Editorial Review of the Royal Enfield Thunderbird Twinspark bike
The Royal Enfield Thunderbird has been one of the most viable cruiser options in the market in its price bracket, since its inception in the Indian market. The limited presence of competitors, a superb option in a very niche segment and the 'Royal Enfield' tag has earned a huge fan following and large sales volumes for Royal Enfield. It is this model which changed the perceptions of people towards Royal Enfield and began to consider them as a modern player. The Thunderbird 350 in its latest guise is an even more desirable option to have as well.
Let's start with the styling. The Thunderbird 350 continues to carry the same silhoutte as before, which is not a bad thing at all, considering the older one was a delight to look for. Where the Royal Enfield has played with are the various bits and components, which enhance its modern appeal. For instance, the headlamp now incorporates a projector headlamp with an LED ring surrounding it. The round chrome finished mirrors make out the way for larger blackened mirrors. The round tail lamp has been replaced by a small elliptical LED tail light which looks nice. The other components which are new as well are the meatier exhaust pipe, present generation switchgear and an all new instrument console, which is a two pod unit and is the most informative unit found in a Royal Enfield ever. The left pod showcases an analog speedometer and the right one displays an analog tachometer, incorporating a small rectangular LCD display showing fuel gauge, odometer and trip meter. Overall fit and finish has improved drastically over previous Thunderbird, but still has a small room for improvement even now.
The engine, more or less, is the same unit found in Classic 350 and the older Thunderbird, which is able to make out 20 PS of power and 28 Nm of torque. The Thunderbird has always been renowned as a torque monster, and this one taking the legacy even further. The engine has the same characteristic exhaust note as any other Royal Enfield, though sounds much more refined than earlier, and seems smooth in lower rev range , where the torque is present in abundance and is the Thunderbird's forte. It's only at around the redline where it begins to give its breath and be out of its comfort zone. The five speed gearbox is a clunky unit, but the ratios exploit the availability of torque very well.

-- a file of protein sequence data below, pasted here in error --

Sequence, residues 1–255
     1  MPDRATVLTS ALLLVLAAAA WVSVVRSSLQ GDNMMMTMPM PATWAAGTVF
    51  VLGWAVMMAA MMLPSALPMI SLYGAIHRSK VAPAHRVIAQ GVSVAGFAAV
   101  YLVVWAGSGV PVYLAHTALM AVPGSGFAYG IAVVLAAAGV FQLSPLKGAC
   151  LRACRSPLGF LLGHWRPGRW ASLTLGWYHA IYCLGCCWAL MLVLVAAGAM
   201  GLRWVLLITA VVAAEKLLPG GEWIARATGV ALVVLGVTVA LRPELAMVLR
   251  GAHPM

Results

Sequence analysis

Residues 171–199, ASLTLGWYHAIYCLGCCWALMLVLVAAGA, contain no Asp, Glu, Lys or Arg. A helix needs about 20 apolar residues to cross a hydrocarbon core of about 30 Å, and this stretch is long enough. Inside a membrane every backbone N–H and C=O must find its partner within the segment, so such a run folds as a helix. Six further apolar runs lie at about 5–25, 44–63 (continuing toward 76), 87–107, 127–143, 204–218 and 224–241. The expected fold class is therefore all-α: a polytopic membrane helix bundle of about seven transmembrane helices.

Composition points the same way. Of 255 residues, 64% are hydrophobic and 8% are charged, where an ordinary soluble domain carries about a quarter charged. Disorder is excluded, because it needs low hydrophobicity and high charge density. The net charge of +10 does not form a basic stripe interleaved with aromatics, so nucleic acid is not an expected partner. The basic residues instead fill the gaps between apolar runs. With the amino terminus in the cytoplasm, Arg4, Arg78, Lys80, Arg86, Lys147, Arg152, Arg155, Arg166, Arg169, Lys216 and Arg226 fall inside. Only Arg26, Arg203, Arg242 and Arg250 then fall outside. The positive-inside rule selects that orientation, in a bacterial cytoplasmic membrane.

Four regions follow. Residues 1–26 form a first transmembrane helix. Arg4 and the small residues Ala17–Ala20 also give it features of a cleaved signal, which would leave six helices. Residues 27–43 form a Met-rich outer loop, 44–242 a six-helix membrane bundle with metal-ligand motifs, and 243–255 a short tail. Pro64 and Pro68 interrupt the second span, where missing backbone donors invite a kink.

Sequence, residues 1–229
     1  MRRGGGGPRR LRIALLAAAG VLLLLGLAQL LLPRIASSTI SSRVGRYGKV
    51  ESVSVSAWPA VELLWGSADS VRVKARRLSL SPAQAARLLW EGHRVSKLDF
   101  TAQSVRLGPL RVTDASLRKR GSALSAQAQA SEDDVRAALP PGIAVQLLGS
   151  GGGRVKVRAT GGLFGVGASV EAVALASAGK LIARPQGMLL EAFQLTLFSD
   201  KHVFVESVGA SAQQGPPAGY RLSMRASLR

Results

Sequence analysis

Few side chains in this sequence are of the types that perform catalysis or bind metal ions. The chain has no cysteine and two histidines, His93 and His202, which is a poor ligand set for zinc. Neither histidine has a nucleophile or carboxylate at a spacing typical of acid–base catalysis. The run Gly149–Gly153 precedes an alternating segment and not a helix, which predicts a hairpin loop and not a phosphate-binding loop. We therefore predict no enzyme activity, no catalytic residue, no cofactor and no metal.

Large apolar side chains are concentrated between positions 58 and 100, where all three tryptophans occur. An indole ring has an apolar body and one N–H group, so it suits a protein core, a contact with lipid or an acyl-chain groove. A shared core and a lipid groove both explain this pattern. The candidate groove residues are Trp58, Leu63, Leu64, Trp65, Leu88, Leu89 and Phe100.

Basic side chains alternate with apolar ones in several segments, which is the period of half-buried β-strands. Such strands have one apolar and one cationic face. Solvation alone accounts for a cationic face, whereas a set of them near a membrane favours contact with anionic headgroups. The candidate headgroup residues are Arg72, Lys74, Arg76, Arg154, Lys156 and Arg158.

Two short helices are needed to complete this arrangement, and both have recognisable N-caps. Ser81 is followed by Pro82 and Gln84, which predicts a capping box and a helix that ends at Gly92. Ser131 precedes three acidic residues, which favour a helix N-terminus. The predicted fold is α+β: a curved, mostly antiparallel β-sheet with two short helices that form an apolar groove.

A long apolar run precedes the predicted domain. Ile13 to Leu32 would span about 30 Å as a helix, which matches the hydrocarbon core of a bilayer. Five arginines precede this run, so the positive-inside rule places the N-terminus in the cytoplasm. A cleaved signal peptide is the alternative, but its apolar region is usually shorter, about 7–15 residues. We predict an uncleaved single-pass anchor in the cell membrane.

Being a cruiser, the Thunderbird 350's top most priority is to be an able handler and comfortable machine, and it delivers on this aspect by a huge margin. The upraised handlebar and forward set foot pegs give it a typical cruiser feel, and a cushy seat rounds off a comfortable seating position. The suspension setup of front telescopic forks and rear gas charged coil springs work just the way you want to, and even on long stretches, it proves to be a non-tiring mile muncher. The brakes are all new units with discs at both ends, and though a bit rubbery, work much better than the old drum units. Unlike the earlier skinny tyres, the new ones are much meatier and provide good levels of grip.
That said, the Thunderbird 350 has always been regarded as a perfect cruiser, and given the Royal Enfield branding, it can be easily bought without any second thought, given the amount of heritage it carries behind. It is a perfect tool for weekend rides and long highway touring, as no motorcycle comes close to it, for the time being.